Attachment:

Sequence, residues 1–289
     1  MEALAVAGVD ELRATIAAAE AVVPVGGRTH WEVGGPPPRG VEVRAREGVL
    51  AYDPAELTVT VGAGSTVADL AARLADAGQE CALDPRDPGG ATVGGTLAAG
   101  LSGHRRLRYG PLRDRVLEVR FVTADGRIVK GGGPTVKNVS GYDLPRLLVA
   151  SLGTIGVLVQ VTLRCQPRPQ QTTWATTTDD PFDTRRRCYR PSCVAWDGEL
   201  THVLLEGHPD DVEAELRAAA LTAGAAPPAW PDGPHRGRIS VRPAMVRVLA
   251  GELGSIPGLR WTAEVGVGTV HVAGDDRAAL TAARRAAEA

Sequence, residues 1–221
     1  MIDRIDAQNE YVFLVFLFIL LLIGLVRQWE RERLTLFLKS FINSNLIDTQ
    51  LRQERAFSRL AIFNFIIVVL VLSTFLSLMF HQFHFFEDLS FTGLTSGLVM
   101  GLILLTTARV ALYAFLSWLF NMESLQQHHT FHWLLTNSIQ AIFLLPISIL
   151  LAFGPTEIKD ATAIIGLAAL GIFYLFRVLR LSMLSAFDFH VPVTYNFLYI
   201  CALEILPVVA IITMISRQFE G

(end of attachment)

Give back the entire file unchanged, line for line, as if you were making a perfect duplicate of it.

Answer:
Sequence, residues 1–289
     1  MEALAVAGVD ELRATIAAAE AVVPVGGRTH WEVGGPPPRG VEVRAREGVL
    51  AYDPAELTVT VGAGSTVADL AARLADAGQE CALDPRDPGG ATVGGTLAAG
   101  LSGHRRLRYG PLRDRVLEVR FVTADGRIVK GGGPTVKNVS GYDLPRLLVA
   151  SLGTIGVLVQ VTLRCQPRPQ QTTWATTTDD PFDTRRRCYR PSCVAWDGEL
   201  THVLLEGHPD DVEAELRAAA LTAGAAPPAW PDGPHRGRIS VRPAMVRVLA
   251  GELGSIPGLR WTAEVGVGTV HVAGDDRAAL TAARRAAEA

Sequence, residues 1–221
     1  MIDRIDAQNE YVFLVFLFIL LLIGLVRQWE RERLTLFLKS FINSNLIDTQ
    51  LRQERAFSRL AIFNFIIVVL VLSTFLSLMF HQFHFFEDLS FTGLTSGLVM
   101  GLILLTTARV ALYAFLSWLF NMESLQQHHT FHWLLTNSIQ AIFLLPISIL
   151  LAFGPTEIKD ATAIIGLAAL GIFYLFRVLR LSMLSAFDFH VPVTYNFLYI
   201  CALEILPVVA IITMISRQFE G